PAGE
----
As for Adobe, good luck, they don't even make flash for Linux anymore.

    I agree that dualboot is kind of stupid. If you need a WIndows application and it doesn't work in WIne just use VB.
    Last edited by monkeybrain20122; September 5th, 2013 at 03:22 PM.

  6. #26
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    Re: Ubuntu's opportunity

    Quote Originally Posted by Helder_Cervantes View Post
    3. Why target designers? Because they rule the world. Cool is everything nowadays. Basic users own PC's but they drool at Macs because of the looks, and just don't buy them because they can't afford them. Bring designers in, if they say it's cool, others will agree. Also, if they come in, they'll make it even better, and they'll do it just for kicks.
    I dont think anybody I know would drop Windows completely and move to a Linux distribution because some mysterious designer thinks its cool. What exactly do you mean by designer anyway?

  7. #27
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    Re: Ubuntu's opportunity

    Quote Originally Posted by monkeybrain20122 View Post
    You do know that Adobe CS is no more as software that you can install in your computer? It has moved to the cloud and for subscribers only.
    You still download and install the apps. Users now have to revalidate their licence every month for the apps to work. But that's beyond the point.

  8. #28
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    Re: Ubuntu's opportunity

    Windows is widely used not because it is cool (remember the PC guy vs the Mac guy?) It is because it is preinstalled. Most computer users don't use GIMP OR Photoshop.
    For Mac it is marketing. Branding is an interesting phenomenon and it goes beyond tangible design. I have had aesthetically challenged people telling me the mac is very cool (e.g my brother) now I don't think they are impressed by any awesome design, the Mac is cool just because it is a Mac.

    Edited: in a kind of strange way, Linux is very cool because it is uncommon and requires more technical knowledge to set up. Unfortunately that kind of coolness works against market share.
    Last edited by monkeybrain20122; September 5th, 2013 at 04:09 PM.

  9. #29
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    Re: Ubuntu's opportunity

    Linux adoption is like the tortoise and the hare children's story in which Linux is definitely the tortoise. I haven't seen a major increase in Linux adoption since I used Ubuntu 9.04 64 bit years ago. What I've seen is more people switching to Apple Macintosh OS X or iOS rather than Microsoft Windows 8 nowadays.

    The problem is that Linux doesn't have the apps that most people are familiar with to make a switch to Linux completely. Why would someone install Linux if they can get most of the FLOSS software on their existing PCs or platform? There's nothing inherently exclusive or a killer app available for Linux that can't be replicated in Windows or Mac.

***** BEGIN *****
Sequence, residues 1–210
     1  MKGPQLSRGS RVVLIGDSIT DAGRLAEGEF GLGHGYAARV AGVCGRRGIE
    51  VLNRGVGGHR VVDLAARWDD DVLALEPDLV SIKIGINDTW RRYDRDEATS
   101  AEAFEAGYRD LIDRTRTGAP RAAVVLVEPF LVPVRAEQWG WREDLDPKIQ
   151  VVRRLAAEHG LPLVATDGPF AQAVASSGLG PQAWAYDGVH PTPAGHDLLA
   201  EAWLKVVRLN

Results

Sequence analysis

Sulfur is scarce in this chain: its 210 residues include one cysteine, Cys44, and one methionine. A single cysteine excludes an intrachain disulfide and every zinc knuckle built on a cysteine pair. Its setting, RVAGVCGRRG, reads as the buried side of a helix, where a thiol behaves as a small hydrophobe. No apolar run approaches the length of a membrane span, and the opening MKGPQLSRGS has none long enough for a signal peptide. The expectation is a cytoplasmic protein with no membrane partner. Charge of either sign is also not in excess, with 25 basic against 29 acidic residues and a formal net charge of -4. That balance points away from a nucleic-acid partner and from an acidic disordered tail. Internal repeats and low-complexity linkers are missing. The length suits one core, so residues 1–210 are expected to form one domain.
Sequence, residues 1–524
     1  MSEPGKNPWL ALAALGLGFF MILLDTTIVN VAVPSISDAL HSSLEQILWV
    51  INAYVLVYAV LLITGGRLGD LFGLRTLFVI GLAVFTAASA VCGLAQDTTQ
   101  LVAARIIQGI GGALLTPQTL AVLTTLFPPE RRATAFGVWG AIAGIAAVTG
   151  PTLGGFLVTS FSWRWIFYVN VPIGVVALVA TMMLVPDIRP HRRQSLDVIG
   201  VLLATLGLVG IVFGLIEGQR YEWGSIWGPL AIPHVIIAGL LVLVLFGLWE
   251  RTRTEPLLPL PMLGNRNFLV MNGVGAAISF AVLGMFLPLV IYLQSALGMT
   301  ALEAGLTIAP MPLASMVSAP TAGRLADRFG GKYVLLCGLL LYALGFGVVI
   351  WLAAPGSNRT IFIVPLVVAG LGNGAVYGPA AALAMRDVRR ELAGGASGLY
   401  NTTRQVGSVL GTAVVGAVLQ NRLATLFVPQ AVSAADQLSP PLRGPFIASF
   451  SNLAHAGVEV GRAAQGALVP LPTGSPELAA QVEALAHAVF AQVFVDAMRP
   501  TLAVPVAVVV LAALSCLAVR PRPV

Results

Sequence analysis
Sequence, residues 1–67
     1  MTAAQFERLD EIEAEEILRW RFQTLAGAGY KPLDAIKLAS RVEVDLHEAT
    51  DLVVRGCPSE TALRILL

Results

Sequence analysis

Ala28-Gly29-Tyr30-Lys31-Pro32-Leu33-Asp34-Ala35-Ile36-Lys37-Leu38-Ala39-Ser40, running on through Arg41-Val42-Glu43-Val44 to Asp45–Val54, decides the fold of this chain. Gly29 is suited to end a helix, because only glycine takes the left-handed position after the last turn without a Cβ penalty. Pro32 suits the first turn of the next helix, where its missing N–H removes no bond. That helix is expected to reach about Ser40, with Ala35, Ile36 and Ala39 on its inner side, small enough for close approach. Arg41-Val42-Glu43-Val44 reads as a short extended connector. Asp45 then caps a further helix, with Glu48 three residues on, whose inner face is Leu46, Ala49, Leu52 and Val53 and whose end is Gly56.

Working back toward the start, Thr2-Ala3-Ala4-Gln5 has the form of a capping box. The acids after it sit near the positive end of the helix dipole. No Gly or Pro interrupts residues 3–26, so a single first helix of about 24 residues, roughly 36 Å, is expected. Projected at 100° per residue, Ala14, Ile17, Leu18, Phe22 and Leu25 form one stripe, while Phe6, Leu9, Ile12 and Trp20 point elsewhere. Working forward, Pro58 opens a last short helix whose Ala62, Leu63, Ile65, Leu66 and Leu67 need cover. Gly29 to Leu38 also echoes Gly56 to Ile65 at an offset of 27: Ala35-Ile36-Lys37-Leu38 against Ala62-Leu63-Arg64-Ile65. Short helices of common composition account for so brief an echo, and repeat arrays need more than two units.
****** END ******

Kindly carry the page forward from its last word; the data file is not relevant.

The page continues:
The only time I see people switching to Linux is due to money concerns or security. People that switched to GNU/Linux like myself had little other choices available that had a high quality general purpose operating system that's available for free of charge and that had superior security architecture and tools that were also freely available. Most people that I have seen that made the switch to Linux did so because they got tired of Windows or Mac malware or their Windows installations got corrupted by malware and they couldn't re-install Windows from a system recovery partition.

    This happened to my best friend this past week. He was forced to switch from Windows 7 to Ubuntu 12.04.3 LTS 64 bit because his ASUS K50IJ got infected with the TDS malware and ransomware and his recovery partition got corrupted. He likes Ubuntu in general, but the learning curve is steep for him since he's old and retired.

    That's the other problem with Linux. It's so rare to see Linux users outside of Linux chat boards that the learning curve is often very steep. Most people have friends install Linux for them because they've never installed an entire operating system by themselves. The other problem is that Linux has so many desktop environments and window managers that it's confusing for most people to learn one user interface only to have such a wide variety of choices.

    I've found most people to like things that don't change too dramatically and they resist change as much as possible unless they have no other choice. Linux offers too many choices and it gets confusing for people to pick their distribution of choice among the hundreds if not thousands of distribution choices available.

    Ubuntu has manage to solve most of these problems, but a lot of Ubuntu users complain that it limits their choices and restricts their freedoms. Ubuntu is transforming into a commercial operating system built upon FLOSS philosophy and it's caused a lot of havoc in this community because Linux users feel that Ubuntu has betrayed the FLOSS philosophy and community in pursuit of convergence or money making ideas.

  10. #30
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    Re: Ubuntu's opportunity

    This has been discussed several times before, to the point where I'm sure I've seen almost the same content as in the original post. Moved to recurring.